Thursday, May 30, 2013

Bird Brained: Avian Interests

Karen L. Mulder, guest blogger
Barnett Newman, the ‘zip’ master from the New York School of abstract expressionism, made a famously wry comment to the effect that art history is to artists what ornithology is to the birds. Bummer for art historians, but for those who enjoy the art of ornithology, what an endless world of feathered fascinations.
Remember the national stir about “Pale Male,” the dad of the red-tailed hawk family nesting on an upscale Fifth Avenue penthouse ledge next to Central Park? The hawks’ reappearance on the skyline is considered no less than proof of the city’s improving health, which is one reason for their continuing celebrity. “Birds are indicators of the environment,” Roger Tory Peterson concluded. “If they are in trouble, we know we’ll soon be in trouble.” Trouble is one euphemism for extinction.
Woody Woodpecker, or "Elvis in Feathers"
An unconfirmed sighting of the rare ivory-billed woodpecker in Arkansas in 2004 prompted Cornell biologists to ante up $50,000 in award money to anyone who can lead them to an actual nest, seeing as that bird may have permanently flown the coop three decades ago.
If you are of the bird watching persuasion—in other words, one of an estimated 70 million in America alone—you may cherish your favs, from Sibley to those good ol’ portable $5 Golden Books paperbacks. But the inventor of the truly modern field guide, credited with educating America about the flappable species, is Roger Tory Peterson (1908-1996), celebrated in the spiffy centennial tribute, Birdwatcher (2008). Elizabeth Rosenthal, with chops in both journalism and law, emphasizes how Peterson’s aims transcended mere documentation, identification and illustration of the feathered set by making some of the earliest waves in the environmental protection movement, alongside the likes of John Muir, Gifford Pinchot, or Rachel Carson.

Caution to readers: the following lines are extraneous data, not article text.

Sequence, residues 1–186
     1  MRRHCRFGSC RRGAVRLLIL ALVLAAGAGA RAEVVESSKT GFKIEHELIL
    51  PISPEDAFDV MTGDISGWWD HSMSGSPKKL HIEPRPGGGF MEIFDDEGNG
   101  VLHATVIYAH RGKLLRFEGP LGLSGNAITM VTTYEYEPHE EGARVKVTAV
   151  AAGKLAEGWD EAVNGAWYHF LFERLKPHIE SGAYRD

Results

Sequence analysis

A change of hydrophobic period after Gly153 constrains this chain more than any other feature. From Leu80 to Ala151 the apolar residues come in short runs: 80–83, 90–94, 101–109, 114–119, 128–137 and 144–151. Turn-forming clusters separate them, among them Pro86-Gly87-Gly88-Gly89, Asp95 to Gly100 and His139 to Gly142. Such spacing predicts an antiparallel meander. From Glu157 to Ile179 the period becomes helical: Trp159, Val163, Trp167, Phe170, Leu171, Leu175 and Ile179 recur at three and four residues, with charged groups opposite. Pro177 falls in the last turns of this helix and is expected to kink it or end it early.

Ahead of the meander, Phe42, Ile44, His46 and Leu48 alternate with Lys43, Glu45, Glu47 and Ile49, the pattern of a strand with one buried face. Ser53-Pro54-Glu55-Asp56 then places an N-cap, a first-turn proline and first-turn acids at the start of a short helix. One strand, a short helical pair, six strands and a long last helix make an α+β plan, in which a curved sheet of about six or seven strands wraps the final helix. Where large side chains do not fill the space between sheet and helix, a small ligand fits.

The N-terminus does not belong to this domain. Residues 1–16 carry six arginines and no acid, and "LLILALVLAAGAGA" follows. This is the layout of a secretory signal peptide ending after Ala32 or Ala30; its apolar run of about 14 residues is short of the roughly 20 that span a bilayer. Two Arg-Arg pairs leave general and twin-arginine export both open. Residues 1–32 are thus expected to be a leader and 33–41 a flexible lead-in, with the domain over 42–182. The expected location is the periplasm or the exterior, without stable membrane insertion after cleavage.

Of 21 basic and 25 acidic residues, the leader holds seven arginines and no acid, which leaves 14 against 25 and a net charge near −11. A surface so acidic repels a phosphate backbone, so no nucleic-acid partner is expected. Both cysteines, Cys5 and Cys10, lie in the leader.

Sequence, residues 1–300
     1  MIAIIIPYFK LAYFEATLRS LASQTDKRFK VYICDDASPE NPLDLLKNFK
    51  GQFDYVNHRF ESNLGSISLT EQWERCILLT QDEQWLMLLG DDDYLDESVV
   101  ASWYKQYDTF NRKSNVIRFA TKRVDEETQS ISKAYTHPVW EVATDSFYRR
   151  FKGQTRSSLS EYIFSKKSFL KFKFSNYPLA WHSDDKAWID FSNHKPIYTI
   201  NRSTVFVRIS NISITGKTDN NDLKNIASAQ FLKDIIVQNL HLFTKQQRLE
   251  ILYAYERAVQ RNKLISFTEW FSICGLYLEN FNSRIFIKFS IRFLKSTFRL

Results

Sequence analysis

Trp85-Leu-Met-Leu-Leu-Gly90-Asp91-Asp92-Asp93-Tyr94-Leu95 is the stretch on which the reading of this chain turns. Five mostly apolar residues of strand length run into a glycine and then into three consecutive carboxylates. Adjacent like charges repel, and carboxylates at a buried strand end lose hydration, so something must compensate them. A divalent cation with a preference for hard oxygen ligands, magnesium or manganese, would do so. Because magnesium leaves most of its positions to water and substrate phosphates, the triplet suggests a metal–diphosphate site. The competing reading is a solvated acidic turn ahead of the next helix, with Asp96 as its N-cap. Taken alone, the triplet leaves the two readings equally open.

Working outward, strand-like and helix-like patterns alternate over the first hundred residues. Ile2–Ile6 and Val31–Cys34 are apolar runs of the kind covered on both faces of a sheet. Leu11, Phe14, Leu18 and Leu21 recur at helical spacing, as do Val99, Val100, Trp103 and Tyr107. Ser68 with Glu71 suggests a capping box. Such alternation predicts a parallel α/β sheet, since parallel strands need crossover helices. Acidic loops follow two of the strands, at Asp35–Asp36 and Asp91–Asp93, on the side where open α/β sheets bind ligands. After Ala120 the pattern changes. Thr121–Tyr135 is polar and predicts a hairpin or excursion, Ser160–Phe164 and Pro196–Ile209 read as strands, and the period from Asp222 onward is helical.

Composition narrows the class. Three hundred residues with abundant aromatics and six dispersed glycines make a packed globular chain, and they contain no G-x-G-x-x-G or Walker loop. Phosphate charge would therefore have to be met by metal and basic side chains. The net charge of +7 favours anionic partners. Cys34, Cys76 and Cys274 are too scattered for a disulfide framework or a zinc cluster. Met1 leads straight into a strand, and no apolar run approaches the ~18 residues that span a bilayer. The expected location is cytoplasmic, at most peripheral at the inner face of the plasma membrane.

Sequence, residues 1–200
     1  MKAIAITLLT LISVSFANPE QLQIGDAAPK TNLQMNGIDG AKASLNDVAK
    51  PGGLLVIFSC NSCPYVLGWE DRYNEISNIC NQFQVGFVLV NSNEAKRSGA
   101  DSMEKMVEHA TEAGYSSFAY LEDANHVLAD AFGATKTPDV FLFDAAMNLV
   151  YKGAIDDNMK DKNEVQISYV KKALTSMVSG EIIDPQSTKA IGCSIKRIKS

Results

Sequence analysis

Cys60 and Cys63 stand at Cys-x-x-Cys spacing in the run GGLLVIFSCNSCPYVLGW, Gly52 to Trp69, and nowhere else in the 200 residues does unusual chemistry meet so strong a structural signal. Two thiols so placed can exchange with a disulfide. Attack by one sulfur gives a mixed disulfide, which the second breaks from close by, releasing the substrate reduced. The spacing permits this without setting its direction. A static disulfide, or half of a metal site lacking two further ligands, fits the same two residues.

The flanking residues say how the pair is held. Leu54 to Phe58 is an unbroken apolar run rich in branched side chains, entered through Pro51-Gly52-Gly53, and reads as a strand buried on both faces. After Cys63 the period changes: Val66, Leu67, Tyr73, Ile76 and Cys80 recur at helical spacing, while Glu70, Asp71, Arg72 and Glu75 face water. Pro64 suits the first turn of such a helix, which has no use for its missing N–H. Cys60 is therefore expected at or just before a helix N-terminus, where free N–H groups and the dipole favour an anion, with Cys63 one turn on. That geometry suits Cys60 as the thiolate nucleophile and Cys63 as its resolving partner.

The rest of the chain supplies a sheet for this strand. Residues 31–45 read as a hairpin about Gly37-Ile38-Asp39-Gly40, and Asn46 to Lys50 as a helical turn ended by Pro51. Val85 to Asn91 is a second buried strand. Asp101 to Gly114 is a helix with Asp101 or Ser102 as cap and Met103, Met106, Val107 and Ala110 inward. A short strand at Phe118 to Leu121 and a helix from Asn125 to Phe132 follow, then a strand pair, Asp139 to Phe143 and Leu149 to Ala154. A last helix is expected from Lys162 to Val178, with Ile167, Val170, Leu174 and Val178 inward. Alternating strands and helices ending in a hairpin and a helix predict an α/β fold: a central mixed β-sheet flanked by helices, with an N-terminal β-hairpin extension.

Peterson’s personal trajectory is especially poignant considering that his family’s misfortunes landed him in a New York state mill by the age of ten. Following his bliss with a lot of dogged footwork led him to hobnob with the greatest avian illustrators and ornithologists of the early 20th century—until he became one of them. Ultimately, Peterson received every major American natural science award, several Nobel Prize nominations, a Presidential Medal of Freedom, a slew of honorary doctorates, and yes, his own institute. Peterson’s passion fueled a determination to improve the dense, poorly detailed guides available during his youth, eventually revolutionizing the conception of field guides that served the general public as well as professionals with a practical identification system. In turn, Peterson’s ceaseless field trips brought the plight of our disappearing avians, and their habitats, to the fore.
Roger Tory Peterson: Close up and personal
Accurate identification is perhaps the greatest bugaboo for professional, scientific birders, let alone amateurs: how does anyone manage all the infinite variations, or notate in print the many distinctions in songs, in one bird alone? The enterprise is aided by the fact that the contemporary ornithological community fostered by Peterson and others may be one of the most organized and expansive sectors in the natural sciences, according to Valerie Chansigaud, an environmental scientist. Her History of Ornithology (2009) is a profusely illustrated, snappily designed chronological review that moves along trippingly, from Antiquity to the 20th Century, with interesting marginalia and brief profiles of all the major players—starting with Ari (Aristotle, the first and ultimate organizer of things natural, who reputedly described as many as 140 species but lacked an iPhone app to record his avian revelations).
(If you get a macaw you have to buy 70 years' worth of feed)
"New" 19th century ways of presenting bird samples
Chansigaud’s efficient biographical sketches often morph into stories—think of Darwin’s eye-opening experiences on the Beagle in the Galapagos and elsewhere—but with equal fascination, she also explains shifts in perception and technology that advance the field in a spritely narrative tone (translated from the 2007 French version, mais oui!). Significant discoveries, books, societies, and institutions appear throughout the author’s respectful narrative, underscored in an illustrated timeline section at the back. I thought this History delivered a lot of fun facts, augmenting such a great array of bird books offered by Daedalus that they cannot all be celebrated here.